100%

Scanned image of the page. Keyboard directions: use + to zoom in, - to zoom out, arrow keys to pan inside the viewer.

Page Options

Share

Something wrong?

Something wrong with this page? Report problem.

Rights / Permissions

The University of Michigan Library provides access to these materials for educational and research purposes. These materials may be under copyright. If you decide to use any of these materials, you are responsible for making your own legal assessment and securing any necessary permission. If you have questions about the collection, please contact the Bentley Historical Library at bentley.ref@umich.edu

November 15, 1985 - Image 27

Resource type:
Text
Publication:
The Detroit Jewish News, 1985-11-15

Disclaimer: Computer generated plain text may have errors. Read more about this.

THE DETROIT JEWISH NEWS Friday, November 15, 1985

. . . But for other children, it's like being held prisoner two afternoons each week.

what some of the holidays are. We
have to teach them things as basic
as that. I think one generation after
the war simply became too assimi-
lated. Over recent years, it may
have even been fashionable to drop
certain practices in the home." As
Rabbi Sam Schafler, superintendent
of Chicago's Board of Jewish Educa-
tion aptly put it, Our crisis is no
longer whether Johnny can read He-
brew, but whether Johnny has any
Jewishness at all."
Hence, Hebrew schools across
the country have expanded their
scope, and since the '60s have in-
creasingly become known as "reli-
gious" schools. Students are taught
everything their parents were
taught, plus a fundamental under-
standing of Judaism and the Jewish
experience. Overnight camps, Shab-
bat activities, Jewish art experiences
and holiday teachings are as prime a
directive in today's religious schools
as teaching Torah. In other words,
the Jewish upbringing of children
has shifted ,from home to school,
thus paralleling the child-rearing
phenomenon in secular society.
But are the religious schools
capable of discharging their addi-
tional responsibilities? The answer:
a qualified no.
It's true, Jewish education is ex-
panding. However, as Chana Reich,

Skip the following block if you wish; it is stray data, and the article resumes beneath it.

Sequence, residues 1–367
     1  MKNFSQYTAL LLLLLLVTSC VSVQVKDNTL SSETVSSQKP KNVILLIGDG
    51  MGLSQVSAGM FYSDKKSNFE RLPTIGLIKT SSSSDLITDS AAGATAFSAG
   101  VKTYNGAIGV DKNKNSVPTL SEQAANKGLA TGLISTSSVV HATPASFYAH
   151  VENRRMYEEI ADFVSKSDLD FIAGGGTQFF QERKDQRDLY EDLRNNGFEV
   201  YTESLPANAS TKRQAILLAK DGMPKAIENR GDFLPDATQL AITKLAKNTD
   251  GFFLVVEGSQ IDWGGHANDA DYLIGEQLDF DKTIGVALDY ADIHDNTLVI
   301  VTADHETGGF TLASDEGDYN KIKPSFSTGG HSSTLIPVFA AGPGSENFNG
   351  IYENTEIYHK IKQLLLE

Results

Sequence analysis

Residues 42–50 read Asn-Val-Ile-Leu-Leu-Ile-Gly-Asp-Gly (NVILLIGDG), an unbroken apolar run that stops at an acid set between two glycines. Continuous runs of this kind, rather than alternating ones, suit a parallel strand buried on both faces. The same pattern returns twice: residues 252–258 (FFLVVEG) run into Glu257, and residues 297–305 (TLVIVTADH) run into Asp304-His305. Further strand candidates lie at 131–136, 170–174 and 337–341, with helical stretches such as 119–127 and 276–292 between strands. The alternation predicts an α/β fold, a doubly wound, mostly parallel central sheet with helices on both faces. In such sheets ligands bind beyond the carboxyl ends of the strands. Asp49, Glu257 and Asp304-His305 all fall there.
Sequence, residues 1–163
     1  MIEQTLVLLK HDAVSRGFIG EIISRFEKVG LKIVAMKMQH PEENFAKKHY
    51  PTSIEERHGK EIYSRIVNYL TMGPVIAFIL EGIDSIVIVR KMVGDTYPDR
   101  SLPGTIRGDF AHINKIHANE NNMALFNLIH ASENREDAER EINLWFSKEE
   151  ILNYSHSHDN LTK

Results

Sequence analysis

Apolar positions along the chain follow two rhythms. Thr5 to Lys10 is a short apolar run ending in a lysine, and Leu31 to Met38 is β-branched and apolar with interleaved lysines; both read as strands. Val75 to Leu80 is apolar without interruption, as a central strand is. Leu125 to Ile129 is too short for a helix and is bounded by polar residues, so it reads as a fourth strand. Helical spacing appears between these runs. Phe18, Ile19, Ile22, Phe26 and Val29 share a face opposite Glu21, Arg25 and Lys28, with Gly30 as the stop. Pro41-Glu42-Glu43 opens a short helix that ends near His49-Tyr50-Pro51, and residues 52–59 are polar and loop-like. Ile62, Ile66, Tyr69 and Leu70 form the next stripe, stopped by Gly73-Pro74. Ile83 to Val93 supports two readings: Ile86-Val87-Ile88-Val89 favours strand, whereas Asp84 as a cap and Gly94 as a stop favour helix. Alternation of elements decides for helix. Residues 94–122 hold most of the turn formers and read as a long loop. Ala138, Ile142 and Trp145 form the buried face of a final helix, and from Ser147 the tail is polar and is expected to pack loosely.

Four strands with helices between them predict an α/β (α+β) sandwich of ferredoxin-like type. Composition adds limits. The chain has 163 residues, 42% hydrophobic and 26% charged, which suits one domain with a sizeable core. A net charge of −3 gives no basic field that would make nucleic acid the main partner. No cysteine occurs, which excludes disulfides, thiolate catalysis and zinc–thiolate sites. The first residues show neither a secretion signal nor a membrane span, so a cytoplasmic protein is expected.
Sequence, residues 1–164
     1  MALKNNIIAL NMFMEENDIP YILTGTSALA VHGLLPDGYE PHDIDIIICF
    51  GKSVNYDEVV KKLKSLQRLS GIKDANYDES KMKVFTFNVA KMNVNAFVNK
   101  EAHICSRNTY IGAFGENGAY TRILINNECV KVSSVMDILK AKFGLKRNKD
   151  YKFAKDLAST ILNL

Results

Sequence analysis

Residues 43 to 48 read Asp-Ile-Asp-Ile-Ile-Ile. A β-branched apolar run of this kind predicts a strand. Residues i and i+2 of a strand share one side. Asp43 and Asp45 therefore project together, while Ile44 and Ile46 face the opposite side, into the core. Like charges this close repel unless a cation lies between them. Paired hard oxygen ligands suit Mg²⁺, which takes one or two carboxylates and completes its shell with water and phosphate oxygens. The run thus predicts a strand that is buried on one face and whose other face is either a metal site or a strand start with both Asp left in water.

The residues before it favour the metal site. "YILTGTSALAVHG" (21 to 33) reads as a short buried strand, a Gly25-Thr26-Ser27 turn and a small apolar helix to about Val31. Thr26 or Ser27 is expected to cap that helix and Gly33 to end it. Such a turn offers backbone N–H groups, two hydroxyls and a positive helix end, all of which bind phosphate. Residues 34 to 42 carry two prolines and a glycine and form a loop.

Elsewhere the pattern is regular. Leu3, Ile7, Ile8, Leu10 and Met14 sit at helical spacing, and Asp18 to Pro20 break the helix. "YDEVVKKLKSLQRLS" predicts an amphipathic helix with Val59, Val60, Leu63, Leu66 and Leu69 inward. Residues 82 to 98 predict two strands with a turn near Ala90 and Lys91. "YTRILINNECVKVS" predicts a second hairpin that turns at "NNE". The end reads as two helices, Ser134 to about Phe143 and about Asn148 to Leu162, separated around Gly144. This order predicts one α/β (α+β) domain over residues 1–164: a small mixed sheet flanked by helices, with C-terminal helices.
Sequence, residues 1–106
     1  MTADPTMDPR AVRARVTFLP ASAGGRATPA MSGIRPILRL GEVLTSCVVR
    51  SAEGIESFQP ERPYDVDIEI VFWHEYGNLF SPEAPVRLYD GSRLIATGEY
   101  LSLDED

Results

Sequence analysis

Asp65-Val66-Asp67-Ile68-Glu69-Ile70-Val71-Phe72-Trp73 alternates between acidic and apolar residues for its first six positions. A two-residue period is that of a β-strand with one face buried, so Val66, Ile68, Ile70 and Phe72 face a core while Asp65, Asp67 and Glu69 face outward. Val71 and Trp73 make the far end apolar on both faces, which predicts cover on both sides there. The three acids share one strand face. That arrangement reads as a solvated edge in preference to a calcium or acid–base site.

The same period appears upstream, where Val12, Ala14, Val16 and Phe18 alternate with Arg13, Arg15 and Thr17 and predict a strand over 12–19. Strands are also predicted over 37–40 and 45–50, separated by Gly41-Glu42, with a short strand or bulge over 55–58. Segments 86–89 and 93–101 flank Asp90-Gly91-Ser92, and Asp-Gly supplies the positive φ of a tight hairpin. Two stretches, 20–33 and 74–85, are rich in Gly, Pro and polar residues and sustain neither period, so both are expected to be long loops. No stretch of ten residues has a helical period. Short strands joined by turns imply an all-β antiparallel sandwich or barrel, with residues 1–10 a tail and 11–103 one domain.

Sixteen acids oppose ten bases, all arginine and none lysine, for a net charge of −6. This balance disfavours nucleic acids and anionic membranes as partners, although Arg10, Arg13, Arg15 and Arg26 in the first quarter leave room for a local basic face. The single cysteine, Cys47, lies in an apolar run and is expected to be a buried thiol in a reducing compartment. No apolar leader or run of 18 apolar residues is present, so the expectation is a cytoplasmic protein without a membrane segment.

teacher at Chicago's Cong. Emanuel

said, "I read one study that declared,
`Jewish education has become a mile
wide and an inch deep.' ". Butting up
against the trend of assimilation and
the shift from home to school is a
concomitant decline in the quality of
supplementary Jewish educators and
education.
Today, supplementary Jewish
education is not a profession, it's an
activity. Religious schools are today
virtually devoid of men, despite cen-
turies of their traditional contribu-
tions to the endeavor. Their disap-
pearance is due as much to low eco-
nomic appeal as a diminished re-
spect for the job. Most of the women,
although well-intentioned and caring
people, are simply not trained,
licensed or certified. And most of
them are in fact working in their
spare time in a job akin to mother-
hood to earn a little extra money.
Sources at the Jewish Education
Service of North America (JESNA)
in New York estimate that only ten
percent of America's 8,000 or so
supplementary Jewish educators are
even certified. Indeed, Rabbi Stewart
Kellman, executive director of the
Agency for Jewish Education of the
Greater East Bay (Northern Califor-
nia), declares, "I don't even think a
profession exists here. The criteria
that normally defines any profession
are simply absent when one talks of
supplemental religious school

teachers. Of course, this doesn't in-
clude the principals, who can be
classified as professionals and who
are trying to do a good job with what
they have."
Sara Kaplan, a religious school
principal in Baltimore, admits, "I
have them here, but a teacher who
is truly a teacher is really hard to
come by. But that I mean someone
trained in both Judaism and pedag-
ogy." And Kellman adds that it may
be time to "change our myth and ac-
cept the fact that those in
supplementary Jewish education are
not in a full-time profession, but
rather in a part-time career, and go
on from there."
Detroit, however, is in a position
to leap far ahead of the nation. -The
United Hebrew Schools, which serv-
ice about 15-20 percent of Detroit's
Jewish education students, employs
a unionized staff of approximately 60
teachers, "nearly all of whom are
either licensed, certified or working
on it," according to UHS superinten-
dent Rabbi Gerald Teller. "In fact,
our union contract requires licensing
or certification for tenure."
In contrast, independent reli-
gious schools, responsible for slightly
more than half of the student body,
employ a staff more closely resem-
bling the national reality. (While the
overwhelming majority of Detroit's

Continued on next page

The Jewish
upbringing of
children has shifted
from the home to the
school and religious
schools don't seem
capable of
discharging that
responsibility.

27

Back to Top

© 2021 Regents of the University of Michigan